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Death Sentences of Murderers Commuted Under Racial Justice Act

Not because their crimes were any less heinous, but because their juries had minority under-representation, three convicted murderers had their death sentences commuted to life in prison without parole under the N.C. Racial Justice Act.

 

On Thursday, while commuting the death sentences in the Cumberland County courtroom, Senior Resident Superior Court Judge Greg Weeks said, “Their crimes repel every one of us in this courtroom, but their crimes are not at issue in these proceedings … What is at issue in these cases is the process by which they were sentenced to death. The question is whether their sentences of death were fairly imposed under the law.”

 

Furor erupted in the court when the death sentence of Tilmon Golphin, a black man who shot and killed two white police officers, Ed Lowry and David Hathcock, was commuted. Ed Lowry’s brother, Al Lowry stood up in court and began yelling at the judge. He was escorted outside the court.



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And the court found that the prosecutors at the trials of the guilty had acted with racial bias when they decided not to consider African-American citizens from serving on the jury at the concerned trials.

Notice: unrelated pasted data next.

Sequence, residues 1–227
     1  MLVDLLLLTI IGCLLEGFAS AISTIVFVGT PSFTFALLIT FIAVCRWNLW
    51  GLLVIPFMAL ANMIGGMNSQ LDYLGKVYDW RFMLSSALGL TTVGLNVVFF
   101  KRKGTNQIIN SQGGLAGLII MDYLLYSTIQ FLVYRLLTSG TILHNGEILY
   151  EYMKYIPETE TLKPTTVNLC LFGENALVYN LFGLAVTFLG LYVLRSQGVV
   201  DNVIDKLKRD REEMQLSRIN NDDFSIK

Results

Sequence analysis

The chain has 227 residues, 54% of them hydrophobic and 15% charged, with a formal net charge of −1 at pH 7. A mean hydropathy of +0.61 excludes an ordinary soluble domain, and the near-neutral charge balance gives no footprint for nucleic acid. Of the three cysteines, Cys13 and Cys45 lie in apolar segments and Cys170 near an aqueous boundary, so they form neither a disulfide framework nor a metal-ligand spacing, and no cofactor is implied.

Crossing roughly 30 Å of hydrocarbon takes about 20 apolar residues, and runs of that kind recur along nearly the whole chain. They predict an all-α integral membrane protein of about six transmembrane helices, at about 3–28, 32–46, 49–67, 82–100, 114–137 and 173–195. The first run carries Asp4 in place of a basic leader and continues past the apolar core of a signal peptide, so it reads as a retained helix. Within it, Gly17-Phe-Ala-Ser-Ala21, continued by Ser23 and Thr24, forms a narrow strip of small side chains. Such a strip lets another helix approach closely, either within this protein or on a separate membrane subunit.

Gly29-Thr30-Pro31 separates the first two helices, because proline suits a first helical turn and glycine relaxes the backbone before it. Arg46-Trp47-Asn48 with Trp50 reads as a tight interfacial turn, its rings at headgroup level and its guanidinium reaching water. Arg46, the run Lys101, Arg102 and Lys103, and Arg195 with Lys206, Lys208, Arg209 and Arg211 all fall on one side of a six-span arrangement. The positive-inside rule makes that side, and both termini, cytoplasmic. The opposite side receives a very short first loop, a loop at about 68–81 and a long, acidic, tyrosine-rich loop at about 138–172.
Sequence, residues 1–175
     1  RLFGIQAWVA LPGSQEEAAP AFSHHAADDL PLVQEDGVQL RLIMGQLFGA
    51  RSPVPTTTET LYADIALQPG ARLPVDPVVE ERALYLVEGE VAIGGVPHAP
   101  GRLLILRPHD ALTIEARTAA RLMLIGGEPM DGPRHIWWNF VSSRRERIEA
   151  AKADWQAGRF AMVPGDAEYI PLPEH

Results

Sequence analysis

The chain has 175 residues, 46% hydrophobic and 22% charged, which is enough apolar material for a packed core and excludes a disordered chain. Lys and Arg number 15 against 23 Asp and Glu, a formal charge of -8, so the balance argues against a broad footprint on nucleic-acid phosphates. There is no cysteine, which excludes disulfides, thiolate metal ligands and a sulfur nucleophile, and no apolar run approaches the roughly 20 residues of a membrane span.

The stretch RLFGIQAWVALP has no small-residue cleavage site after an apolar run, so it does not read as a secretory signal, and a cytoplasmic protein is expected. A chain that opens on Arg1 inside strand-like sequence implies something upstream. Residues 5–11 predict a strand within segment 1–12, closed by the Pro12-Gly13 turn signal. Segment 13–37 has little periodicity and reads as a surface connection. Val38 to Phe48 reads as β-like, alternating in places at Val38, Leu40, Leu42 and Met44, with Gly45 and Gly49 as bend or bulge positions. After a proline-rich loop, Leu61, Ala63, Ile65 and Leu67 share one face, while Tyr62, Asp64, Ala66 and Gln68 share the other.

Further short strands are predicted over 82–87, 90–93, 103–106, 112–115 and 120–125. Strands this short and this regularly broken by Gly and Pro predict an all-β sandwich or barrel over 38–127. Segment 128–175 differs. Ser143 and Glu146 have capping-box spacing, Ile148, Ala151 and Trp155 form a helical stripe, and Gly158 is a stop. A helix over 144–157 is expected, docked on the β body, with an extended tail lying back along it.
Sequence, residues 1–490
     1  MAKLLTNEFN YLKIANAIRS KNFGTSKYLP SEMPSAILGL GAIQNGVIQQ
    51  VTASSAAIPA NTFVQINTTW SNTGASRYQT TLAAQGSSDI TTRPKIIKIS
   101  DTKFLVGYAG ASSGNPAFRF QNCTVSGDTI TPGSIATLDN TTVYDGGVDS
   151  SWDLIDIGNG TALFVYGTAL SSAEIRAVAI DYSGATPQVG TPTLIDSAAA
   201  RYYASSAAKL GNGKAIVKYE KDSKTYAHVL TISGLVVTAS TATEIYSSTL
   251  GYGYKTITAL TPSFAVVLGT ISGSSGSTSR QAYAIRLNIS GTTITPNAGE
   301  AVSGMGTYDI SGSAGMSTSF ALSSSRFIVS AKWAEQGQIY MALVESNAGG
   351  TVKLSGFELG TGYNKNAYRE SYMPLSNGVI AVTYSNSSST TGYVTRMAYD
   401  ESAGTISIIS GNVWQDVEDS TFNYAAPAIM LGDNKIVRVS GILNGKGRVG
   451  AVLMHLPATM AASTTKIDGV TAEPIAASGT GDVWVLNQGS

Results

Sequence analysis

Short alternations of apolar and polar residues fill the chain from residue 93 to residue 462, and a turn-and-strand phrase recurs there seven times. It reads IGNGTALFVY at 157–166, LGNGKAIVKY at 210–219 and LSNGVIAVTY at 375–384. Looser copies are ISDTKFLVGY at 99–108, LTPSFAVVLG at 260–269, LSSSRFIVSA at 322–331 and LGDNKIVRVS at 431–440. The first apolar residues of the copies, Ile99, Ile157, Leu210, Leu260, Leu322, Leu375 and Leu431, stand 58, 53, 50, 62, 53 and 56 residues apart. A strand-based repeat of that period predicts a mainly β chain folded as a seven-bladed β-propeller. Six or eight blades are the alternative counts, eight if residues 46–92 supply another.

Judge Weeks’ ruling cited statistics that is surprising and demoralizing. Weeks found that even after the U.S. Supreme Court ruled racial bias in jury selection to be unconstitutional, the prosecutors were trained to work around the ruling, instead of being trained in ways to eliminate bias. His findings were supported by statistics, as well as handwritten notes of prosecutors.

 

Prosecutors broke down under cross-examination. Cassandra Stubbs, a lawyer for one of the convicted murderers, a Lumbee Indian who used to lead a mixed-race gang which in 1998 shot and killed two white women and critically injured a black woman, said, “We heard from words and the deeds of the prosecutors themselves in this case just how much race affected their decision-making process.”

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Posted by on December 18, 2012. Filed under Legal News. You can follow any responses to this entry through the RSS 2.0. You can skip to the end and leave a response. Pinging is currently not allowed.